Neurodegenerative diseases are characterized by chronic and progressive structural or functional loss of neurons. Limitations related to the animal models of these human diseases have impeded the development of effective drugs. This emphasizes the need to establish disease models using human-derived cells. The discovery of induced pluripotent stem cell (iPSC) technology has provided novel opportunities in disease modeling, drug development, screening, and the potential for patient-matched" cellular therapies in neurodegenerative diseases. In this study�
Oncogene 2015 JUN
Modeling the initiation of Ewing sarcoma tumorigenesis in differentiating human embryonic stem cells.
Gordon DJ et al.
Oncogenic transformation in Ewing sarcoma tumors is driven by the fusion oncogene EWS-FLI1. However, despite the well-established role of EWS-FLI1 in tumor initiation, the development of models of Ewing sarcoma in human cells with defined genetic elements has been challenging. Here, we report a novel approach to model the initiation of Ewing sarcoma tumorigenesis that exploits the developmental and pluripotent potential of human embryonic stem cells. The inducible expression of EWS-FLI1 in embryoid bodies, or collections of differentiating stem cells, generates cells with properties of Ewing sarcoma tumors, including characteristics of transformation. These cell lines exhibit anchorage-independent growth, a lack of contact inhibition and a strong Ewing sarcoma gene expression signature. Furthermore, these cells also demonstrate a requirement for the persistent expression of EWS-FLI1 for cell survival and growth, which is a hallmark of Ewing sarcoma tumors.Oncogene advance online publication, 12 October 2015; doi:10.1038/onc.2015.368.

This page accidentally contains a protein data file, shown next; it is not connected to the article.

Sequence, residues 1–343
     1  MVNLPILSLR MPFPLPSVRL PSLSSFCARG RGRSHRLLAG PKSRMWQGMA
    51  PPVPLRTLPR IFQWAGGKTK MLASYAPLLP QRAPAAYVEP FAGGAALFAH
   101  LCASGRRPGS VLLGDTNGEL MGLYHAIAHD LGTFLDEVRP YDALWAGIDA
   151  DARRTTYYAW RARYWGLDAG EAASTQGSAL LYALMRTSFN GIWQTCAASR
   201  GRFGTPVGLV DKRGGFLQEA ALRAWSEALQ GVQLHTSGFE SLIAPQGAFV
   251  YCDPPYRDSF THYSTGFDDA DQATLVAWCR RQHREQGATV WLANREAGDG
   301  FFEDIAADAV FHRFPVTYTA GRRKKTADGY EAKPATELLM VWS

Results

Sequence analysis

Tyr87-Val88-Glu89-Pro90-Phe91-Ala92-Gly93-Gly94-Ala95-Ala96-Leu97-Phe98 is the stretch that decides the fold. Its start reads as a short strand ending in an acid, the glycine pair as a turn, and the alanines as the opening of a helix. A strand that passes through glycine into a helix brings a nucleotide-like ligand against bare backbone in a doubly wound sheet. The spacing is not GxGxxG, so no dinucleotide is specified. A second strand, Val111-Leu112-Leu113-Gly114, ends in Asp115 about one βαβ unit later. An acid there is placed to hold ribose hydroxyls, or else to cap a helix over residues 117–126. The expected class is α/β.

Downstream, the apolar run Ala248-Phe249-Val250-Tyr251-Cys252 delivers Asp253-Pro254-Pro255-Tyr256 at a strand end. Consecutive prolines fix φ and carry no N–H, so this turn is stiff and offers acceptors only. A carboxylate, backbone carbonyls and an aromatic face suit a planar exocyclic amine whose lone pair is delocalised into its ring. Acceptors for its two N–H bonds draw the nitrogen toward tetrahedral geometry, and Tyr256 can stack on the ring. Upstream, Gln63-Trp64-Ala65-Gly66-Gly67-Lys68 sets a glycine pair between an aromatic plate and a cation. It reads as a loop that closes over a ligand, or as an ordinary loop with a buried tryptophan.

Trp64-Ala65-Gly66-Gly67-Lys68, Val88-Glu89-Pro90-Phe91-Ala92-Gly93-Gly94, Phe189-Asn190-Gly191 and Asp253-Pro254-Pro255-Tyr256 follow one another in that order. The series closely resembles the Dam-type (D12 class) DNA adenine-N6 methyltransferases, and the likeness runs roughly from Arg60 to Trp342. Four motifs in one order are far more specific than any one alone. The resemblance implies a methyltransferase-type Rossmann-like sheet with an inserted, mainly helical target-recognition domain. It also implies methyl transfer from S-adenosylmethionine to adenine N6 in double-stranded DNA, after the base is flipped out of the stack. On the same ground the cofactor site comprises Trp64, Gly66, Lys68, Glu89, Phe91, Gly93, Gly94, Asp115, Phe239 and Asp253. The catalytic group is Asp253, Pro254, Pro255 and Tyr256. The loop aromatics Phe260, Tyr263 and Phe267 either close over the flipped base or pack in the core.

Biological & pharmaceutical bulletin 2015
A Simple Protocol for the Myocardial Differentiation of Human iPS Cells.
Aikawa N et al.